The Labor Department, the growers argue, does not care if apples get picked, growers stay in business and food prices remain comparatively low.
This year, the growers appear to have won. They prevailed in a series of U.S.District Court cases in eastern states when they were challenged for dropping the traditional prepayment of travel expenses for workers. They now reimburse travel costs after a worker completes a specified portion of the work season.
Then on Aug. 31 the growers won a big one. The Labor Department had certified the need for only a few hundred of the 5,134 Jamaicans the growers wanted when U.S. District Judge James C. Turk of Viriginia directed Labor to admit the full number requested less the number of domestic workers Labor could immediately identify.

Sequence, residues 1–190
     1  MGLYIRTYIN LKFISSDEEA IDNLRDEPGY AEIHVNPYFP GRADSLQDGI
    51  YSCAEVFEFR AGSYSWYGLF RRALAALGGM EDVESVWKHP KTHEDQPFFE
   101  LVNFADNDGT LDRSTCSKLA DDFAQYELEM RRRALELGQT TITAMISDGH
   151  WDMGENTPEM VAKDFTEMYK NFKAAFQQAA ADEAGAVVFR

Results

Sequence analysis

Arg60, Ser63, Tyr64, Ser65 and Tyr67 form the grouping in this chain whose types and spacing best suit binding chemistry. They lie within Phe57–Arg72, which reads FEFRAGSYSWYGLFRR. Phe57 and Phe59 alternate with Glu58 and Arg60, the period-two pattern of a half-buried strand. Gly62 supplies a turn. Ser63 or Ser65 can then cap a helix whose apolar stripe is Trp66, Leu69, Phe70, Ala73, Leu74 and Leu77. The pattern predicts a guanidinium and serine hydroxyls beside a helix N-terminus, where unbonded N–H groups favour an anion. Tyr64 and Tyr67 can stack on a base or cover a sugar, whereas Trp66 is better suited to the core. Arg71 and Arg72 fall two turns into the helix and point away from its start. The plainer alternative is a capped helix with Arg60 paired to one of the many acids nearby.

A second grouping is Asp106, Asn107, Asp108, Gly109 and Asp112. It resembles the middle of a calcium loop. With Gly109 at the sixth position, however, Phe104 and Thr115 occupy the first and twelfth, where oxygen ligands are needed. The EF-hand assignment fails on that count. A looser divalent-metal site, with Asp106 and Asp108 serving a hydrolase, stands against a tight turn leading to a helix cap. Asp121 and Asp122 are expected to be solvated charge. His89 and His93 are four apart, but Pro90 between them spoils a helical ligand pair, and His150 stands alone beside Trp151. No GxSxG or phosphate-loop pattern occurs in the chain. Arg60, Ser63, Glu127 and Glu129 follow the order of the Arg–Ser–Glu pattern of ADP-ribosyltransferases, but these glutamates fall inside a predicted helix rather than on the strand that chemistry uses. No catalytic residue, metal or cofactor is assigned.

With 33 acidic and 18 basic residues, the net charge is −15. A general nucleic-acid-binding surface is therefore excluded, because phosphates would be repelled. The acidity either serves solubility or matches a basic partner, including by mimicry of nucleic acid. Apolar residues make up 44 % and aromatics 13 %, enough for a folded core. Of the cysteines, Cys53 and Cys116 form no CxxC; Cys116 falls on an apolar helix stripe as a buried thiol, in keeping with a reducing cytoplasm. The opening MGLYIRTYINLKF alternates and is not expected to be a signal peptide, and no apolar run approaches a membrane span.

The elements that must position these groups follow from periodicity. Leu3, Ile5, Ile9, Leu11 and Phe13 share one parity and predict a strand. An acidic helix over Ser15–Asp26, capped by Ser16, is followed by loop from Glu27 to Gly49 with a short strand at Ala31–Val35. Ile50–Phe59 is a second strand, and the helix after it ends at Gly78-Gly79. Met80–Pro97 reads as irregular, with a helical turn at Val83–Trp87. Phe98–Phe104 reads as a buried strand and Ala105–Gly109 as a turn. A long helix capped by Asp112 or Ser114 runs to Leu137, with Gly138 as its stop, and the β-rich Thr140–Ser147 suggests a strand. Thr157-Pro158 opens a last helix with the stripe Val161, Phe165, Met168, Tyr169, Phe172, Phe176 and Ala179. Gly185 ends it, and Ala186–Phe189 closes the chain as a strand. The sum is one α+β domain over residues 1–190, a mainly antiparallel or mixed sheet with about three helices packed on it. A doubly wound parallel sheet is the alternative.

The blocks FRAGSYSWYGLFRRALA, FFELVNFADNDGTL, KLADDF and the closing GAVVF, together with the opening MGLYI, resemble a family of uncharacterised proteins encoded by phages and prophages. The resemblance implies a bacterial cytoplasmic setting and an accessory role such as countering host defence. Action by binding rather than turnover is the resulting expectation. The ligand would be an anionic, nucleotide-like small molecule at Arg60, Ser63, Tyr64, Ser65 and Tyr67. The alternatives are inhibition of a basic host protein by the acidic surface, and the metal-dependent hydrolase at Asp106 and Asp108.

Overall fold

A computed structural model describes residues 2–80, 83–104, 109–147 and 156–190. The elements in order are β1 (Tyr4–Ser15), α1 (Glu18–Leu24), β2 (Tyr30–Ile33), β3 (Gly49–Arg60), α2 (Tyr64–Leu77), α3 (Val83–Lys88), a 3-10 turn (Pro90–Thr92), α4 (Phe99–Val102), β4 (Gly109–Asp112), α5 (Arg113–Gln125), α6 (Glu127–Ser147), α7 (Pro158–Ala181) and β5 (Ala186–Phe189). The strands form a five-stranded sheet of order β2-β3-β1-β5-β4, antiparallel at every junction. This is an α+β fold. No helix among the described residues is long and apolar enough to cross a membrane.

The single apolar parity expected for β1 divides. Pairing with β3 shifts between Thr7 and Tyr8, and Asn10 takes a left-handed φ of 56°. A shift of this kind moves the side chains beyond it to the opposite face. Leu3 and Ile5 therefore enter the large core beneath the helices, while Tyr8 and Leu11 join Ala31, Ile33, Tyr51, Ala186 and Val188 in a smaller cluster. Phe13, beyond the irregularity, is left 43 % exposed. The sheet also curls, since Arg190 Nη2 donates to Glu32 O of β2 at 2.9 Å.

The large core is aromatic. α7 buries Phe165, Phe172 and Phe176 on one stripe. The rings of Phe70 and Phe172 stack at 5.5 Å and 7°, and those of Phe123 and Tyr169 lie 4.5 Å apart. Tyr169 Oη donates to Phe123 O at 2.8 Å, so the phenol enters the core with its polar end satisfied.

The department cleared the Jamaicans and appealed the ruling, contending that it "undercut the ability of the Labor Department to control the important of foreign workers."
The next day Labor officials said 2,300 Puerto Ricans were available and efforts would be made to get them into the orchards and hold down the number of Jamaicans. The Puerto Rican government said it would cooperate fully.
By mid-September, U.S. Employment Service director Bert Lewis was saying that he hoped as many as 1,500 Puerto Ricans came in while 3.993 Jamaicans were earning U.S dollars.
The basic reason was that the Puerto Rican government withdrew its support for the program because of a lawsuit filed in its own courts over Puerto Rican public law 87.
P. L. 87, passed to protect migrant workers from abuse, requires that Puerto Ricans must be recruited through the island's government and that a grower must sign a contract with the government.
The law provides higher standards for working conditions than those set by the U.S. Labor Department. It also provides that a worker with a complaint against a U.S. grower may bring action in Puerto Rican courts.